Predictors of 30-day readmission in patients hospitalized with decompensated heart failure.
Clin Cardiol. 2013 Sep;36(9):542-7
Authors: Hernandez MB, Schwartz RS, Asher CR, Navas EV, Totfalusi V, Buitrago I, Lahoti A, Novaro GM
BACKGROUND: Heart failure (HF) is the leading cause of hospitalizations and readmissions in the United States. Approximately one-third of patients admitted for HF are readmitted within 3 months; however, there are few markers that can identify those at highest risk for readmission. The purpose of this study was to identify clinical and laboratory markers associated with hospital readmission in decompensated HF.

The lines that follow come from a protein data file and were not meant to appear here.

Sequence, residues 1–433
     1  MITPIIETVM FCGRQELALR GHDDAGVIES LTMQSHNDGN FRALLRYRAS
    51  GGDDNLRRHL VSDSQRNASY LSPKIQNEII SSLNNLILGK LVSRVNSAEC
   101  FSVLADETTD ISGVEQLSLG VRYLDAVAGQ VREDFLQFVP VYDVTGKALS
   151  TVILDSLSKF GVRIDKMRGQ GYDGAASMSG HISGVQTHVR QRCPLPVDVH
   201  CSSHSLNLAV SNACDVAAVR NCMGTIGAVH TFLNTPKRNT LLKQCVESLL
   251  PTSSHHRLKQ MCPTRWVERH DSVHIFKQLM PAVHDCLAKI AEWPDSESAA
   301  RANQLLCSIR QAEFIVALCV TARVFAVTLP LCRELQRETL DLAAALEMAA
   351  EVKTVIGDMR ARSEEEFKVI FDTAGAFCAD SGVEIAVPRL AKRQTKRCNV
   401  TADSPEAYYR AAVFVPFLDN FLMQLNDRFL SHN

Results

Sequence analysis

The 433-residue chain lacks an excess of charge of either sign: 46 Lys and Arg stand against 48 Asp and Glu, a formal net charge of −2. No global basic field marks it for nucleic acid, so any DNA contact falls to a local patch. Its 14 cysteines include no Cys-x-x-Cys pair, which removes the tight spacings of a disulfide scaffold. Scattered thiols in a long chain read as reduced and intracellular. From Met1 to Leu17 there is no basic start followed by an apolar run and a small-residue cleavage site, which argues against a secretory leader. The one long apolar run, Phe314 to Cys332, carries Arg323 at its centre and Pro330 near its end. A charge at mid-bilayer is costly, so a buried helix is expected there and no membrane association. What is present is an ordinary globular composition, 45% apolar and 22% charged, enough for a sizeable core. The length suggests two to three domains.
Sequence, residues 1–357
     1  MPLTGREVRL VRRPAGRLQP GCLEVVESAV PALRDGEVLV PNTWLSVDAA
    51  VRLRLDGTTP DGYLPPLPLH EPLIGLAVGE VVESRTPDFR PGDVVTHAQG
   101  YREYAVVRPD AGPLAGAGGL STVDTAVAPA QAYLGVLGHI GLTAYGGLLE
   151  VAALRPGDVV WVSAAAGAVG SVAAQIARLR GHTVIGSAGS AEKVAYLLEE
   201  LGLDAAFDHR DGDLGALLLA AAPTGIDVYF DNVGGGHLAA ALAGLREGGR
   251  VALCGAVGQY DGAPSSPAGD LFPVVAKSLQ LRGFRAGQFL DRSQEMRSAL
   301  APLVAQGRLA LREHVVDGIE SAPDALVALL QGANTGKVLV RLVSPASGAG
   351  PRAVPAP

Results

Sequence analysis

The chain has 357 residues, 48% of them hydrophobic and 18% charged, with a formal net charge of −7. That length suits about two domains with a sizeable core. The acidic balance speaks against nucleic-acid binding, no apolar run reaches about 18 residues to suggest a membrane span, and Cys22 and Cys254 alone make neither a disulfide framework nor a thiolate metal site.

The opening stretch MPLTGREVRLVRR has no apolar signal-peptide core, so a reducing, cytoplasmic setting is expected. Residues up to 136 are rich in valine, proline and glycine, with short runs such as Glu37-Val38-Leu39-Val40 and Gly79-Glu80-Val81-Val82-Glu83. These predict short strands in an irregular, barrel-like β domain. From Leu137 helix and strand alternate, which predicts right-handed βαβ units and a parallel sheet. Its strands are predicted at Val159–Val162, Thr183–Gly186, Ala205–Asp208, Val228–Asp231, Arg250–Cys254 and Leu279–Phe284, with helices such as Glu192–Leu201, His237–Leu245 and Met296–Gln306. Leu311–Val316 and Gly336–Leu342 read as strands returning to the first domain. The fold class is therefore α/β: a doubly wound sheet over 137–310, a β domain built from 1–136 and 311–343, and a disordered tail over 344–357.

HYPOTHESIS: Clinical and laboratory markers are associated with readmission rates in decompensated HF.
METHODS: Clinical and laboratory data from 412 patients admitted with HF were analyzed using a multivariable logistic regression analysis to find predictors of HF readmission by 30 days.
RESULTS: HF readmission rates at 30 days were lowest in those with at least 2 of the following discharge criteria: net fluid reduction >1.3 L (odds ratio [OR]: 0.27, P = 0.019), serum sodium level >135 (OR: 0.46, P = 0.034), and N-terminal brain natriuretic peptide level reduction >23% (OR: 0.11, P = 0.048). In multivariate analysis, those patients meeting ≥2 criteria had a very low risk of 30-day readmission (OR: 0.10, 95% confidence interval: 0.01-0.68, P = 0.019) compared to patients who failed to meet 2 criteria.
CONCLUSIONS: A negative fluid balance, normal serum sodium, and net reduction in N-terminal brain natriuretic peptide level during hospitalization may be important indices to target to help reduce the likelihood of HF readmission within 30 days.
PMID: 23929763 [PubMed - indexed for MEDLINE]